When I read comments from Twins fans (don't read the comments) on Star Tribune stories or Twitter, I sense something strange happening: The Twins are in the midst of a successful season by almost any measure, and they are doing it under new leadership. But there is still a decent segment of the Twins fan base that doesn't think Twins President of Baseball Operations Derek Falvey and General Manger Thad Levine are doing a good job — or at least that derisively think of the duo as boy genius know-it-all types.

With the Twins in the midst of a playoff race — before first pitch Wednesday in Yankee Stadium, they were 1.5 games up on the Angels with 11 games remaining and FanGraphs gave the Twins a 63.6 percent chance of reaching the postseason as a Wild Card — this seemed like a good time to attempt an honest assessment of Year 1 of the Falvey/Levine era.

To do this, I've divided things into three categories: things I think they got right, things I think they they got wrong and times when they probably just got lucky.

The good

*Stuck with the plan: Before the first pitch of the season was thrown, Falvey and Levine were on record saying they thought the Twins were much better than their 59-103 record indicated last year. That set the course for a season in which there weren't a ton of huge changes, which enabled the Twins to "trust the process," so to speak, and give young players chances to get the repetitions they needed to fail (and then get better).

That meant a lot of at bats for Miguel Sano (at his natural position of third base), Jorge Polanco, Eddie Rosario, Byron Buxton and Max Kepler. It meant innings for Jose Berrios and Adalberto Mejia. That faith has largely been repaid in a win-win scenario: Those players have contributed mightily to the Twins' success this season while also enhancing the mission of building toward more success in the future.

*Subtle upgrades: Falvey and Levine seemed to prioritize two things in the offseason — upgrading at catcher (including defensively) and adding high-character veterans. Signing Jason Castro and Chris Gimenez enabled them to do both things.

*Resisted the urge to trade the team's best veterans: When a lot of us were calling for the Twins to trade Brian Dozier and/or Ervin Santana during the offseason (and again at the trade deadline), Falvey and Levine instead kept both guys. Without them, the Twins would have had no chance to compete this season.

The bad

*Didn't invest enough in the bullpen: Bullpen arms aren't as cheap as they used to be, and the Twins did have some bad luck with injuries. But when your biggest free agent bullpen move is bringing in Matt Belisle (who has been fine), and you're coming off a year with shaky relief already, you set yourself up for some second-guessing.

*Deadline miscalculation: Falvey and Levine showed good flexibility when shifting from being buyers to sellers at the trade deadline as the Twins seemingly faded. Those who believe in fire and grit might even say dealing away Jaime Garcia and Brandon Kintzler made the Twins play with a chip on their shoulders in August and September, propelling them into playoff position (I'd say it was a schedule that eased up dramatically, but that's just me). They played the percentages in trading those two guys, and it cost them. It was a bad result more than a bad decision, but I'd sure like the Twins' chances down the stretch and in the postseason a lot more if they had Kintzler (who has a 2.66 ERA in 21 appearances with Washington, by the way), in particular.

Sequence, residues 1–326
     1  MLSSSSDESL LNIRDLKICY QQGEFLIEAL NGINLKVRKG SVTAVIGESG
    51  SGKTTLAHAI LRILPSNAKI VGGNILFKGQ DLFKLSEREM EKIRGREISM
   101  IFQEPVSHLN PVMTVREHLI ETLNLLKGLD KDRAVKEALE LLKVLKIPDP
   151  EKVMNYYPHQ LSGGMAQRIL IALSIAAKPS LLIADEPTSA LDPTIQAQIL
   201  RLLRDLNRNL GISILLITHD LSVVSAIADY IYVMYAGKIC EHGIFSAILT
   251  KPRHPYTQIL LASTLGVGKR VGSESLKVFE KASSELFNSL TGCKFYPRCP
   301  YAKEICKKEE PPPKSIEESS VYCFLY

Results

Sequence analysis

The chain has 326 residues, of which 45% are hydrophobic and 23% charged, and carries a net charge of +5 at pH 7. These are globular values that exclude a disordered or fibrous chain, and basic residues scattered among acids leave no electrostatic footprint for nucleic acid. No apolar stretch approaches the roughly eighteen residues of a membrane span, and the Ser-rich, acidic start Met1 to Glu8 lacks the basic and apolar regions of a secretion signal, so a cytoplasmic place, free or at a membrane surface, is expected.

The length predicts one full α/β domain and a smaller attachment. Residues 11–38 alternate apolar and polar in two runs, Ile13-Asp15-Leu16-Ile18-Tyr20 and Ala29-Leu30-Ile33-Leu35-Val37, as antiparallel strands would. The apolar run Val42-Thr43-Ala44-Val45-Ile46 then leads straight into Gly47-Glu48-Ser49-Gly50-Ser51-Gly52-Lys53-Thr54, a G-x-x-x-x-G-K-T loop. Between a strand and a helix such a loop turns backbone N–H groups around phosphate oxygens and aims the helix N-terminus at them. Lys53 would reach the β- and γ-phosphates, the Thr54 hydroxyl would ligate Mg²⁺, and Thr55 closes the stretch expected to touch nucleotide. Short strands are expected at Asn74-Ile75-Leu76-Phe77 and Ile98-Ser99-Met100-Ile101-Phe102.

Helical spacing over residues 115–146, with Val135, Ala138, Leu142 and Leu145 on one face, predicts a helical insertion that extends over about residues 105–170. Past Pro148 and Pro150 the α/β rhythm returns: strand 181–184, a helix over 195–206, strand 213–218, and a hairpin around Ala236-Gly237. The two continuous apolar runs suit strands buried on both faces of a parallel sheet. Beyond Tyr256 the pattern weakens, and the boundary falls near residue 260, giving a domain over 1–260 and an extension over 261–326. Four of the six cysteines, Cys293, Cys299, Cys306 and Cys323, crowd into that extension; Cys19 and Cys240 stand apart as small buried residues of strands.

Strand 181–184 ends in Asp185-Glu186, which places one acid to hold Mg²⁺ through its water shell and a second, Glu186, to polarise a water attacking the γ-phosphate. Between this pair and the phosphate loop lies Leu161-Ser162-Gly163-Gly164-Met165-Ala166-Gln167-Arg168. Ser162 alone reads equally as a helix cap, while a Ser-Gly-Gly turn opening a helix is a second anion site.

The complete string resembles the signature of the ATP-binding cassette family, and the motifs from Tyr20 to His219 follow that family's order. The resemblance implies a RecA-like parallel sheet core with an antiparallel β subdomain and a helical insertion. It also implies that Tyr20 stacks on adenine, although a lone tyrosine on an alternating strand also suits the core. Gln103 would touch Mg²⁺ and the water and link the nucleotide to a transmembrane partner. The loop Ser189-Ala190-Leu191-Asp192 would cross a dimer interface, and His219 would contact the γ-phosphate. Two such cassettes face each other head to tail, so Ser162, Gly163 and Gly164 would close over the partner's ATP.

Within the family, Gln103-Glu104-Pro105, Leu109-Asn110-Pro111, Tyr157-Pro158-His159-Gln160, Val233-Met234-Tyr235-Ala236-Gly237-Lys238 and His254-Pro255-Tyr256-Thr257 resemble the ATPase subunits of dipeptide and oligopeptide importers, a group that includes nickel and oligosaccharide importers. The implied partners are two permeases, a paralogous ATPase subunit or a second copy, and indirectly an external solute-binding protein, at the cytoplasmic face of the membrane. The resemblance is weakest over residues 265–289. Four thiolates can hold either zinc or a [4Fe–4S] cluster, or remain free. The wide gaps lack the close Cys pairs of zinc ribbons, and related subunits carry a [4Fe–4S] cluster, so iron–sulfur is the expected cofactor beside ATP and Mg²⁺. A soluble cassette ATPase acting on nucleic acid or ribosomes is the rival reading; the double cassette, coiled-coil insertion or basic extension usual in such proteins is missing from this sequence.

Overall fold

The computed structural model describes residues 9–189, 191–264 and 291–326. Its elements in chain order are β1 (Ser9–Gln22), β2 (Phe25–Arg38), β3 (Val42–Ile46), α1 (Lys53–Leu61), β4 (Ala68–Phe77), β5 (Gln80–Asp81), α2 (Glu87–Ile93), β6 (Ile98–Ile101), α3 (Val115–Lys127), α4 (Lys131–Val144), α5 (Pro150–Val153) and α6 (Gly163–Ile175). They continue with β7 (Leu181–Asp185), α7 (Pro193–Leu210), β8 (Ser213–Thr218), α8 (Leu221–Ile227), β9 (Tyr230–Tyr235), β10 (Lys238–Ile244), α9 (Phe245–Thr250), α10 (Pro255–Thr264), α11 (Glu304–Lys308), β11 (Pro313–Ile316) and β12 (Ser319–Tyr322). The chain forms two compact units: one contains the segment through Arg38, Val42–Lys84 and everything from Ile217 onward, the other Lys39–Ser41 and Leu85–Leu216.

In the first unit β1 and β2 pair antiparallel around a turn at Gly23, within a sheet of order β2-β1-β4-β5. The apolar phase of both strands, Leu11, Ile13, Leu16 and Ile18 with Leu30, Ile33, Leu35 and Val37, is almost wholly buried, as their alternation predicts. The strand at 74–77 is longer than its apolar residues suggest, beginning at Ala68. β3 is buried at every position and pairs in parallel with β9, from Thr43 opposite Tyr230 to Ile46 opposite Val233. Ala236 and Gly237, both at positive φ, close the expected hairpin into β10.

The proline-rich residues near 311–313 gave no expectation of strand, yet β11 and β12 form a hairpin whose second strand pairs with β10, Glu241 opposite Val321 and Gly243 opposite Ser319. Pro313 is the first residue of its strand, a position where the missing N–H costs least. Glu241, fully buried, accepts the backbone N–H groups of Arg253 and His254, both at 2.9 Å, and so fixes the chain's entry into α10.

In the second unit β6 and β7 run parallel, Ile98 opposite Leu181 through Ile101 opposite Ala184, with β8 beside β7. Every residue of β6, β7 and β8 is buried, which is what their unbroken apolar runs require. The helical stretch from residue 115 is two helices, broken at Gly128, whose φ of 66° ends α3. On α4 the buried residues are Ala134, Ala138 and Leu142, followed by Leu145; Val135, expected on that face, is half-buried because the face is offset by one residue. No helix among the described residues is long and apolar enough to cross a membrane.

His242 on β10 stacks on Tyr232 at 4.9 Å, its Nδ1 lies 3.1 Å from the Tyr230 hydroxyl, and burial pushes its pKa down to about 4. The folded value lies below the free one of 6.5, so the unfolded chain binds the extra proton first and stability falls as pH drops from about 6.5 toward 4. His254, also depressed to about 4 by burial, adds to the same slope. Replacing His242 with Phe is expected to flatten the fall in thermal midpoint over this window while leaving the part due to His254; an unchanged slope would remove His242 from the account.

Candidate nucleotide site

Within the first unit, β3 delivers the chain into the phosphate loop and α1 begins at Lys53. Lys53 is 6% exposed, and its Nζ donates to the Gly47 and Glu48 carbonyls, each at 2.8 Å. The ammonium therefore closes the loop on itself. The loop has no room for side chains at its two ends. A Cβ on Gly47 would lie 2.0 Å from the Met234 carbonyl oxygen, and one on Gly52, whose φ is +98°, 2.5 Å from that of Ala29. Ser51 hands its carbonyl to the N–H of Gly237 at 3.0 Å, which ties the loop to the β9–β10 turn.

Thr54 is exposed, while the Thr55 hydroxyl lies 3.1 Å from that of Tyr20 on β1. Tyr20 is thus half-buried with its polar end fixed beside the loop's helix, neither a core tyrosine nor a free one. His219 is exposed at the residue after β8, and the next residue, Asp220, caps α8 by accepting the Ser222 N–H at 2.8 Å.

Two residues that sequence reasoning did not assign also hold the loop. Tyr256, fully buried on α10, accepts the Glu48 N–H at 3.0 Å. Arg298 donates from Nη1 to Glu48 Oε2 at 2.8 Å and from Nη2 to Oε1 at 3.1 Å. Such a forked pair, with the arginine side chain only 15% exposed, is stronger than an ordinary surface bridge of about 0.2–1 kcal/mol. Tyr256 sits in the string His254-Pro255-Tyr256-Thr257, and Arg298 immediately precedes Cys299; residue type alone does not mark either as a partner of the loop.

*Hector Santiago: Some questioned the wisdom of giving $8 million to the left-handed starter when cheaper options might have yielded similar or better results. Those questions proved legitimate when Santiago slogged through an ineffective, injury-marred year.

The lucky

*Bartolo Colon: I had more confidence than most that the 44-year-old had a chance to help the rotation, but this was essentially a low-risk move that worked out better than Falvey or Levine reasonably had a right to expect.

*Everyone got hot at once: The Twins were once 50-54. They've gone 28-19 since then, and that's due in large part to guys like Rosario, Buxton, Dozier, Polanco and Kyle Gibson turning around their seasons at virtually the same time. Again, that was faith rewarded but it happened so dramatically that there was certainly an element of good fortune with it.

*Rookie relievers stepped up: Where would the Twins be right now without Trevor Hildenberger (almost 27) and Alan Busenitz (27), a pair of older rookies who have delivered critical outs during a stretch when there were few other options.

*Everyone else in the playoff chase is struggling: Even if the Twins were 78-73 and trailing the Wild Card race by eight games, this season would be a relative success. But the fact that they're leading the race for a postseason spot makes it feel more dramatic. Here's a stat: the Twins have gone 4-6 in their last 10 games, which should have opened the door for someone to overtake them. But their six closest pursuers all went 4-6 or worse in the same span. It took 89 games to claim the second Wild Card spot last season. It might only take 84 or 85 this year, which is a nice break for the new bosses in their first season.

Ultimately, I'd say this has been a strong year for Falvey and Levine. You might not like every decision they make (see: Doug Mientkiewicz), but they have a philosophy and a plan that seems to be aimed in the right direction short-term and long-term.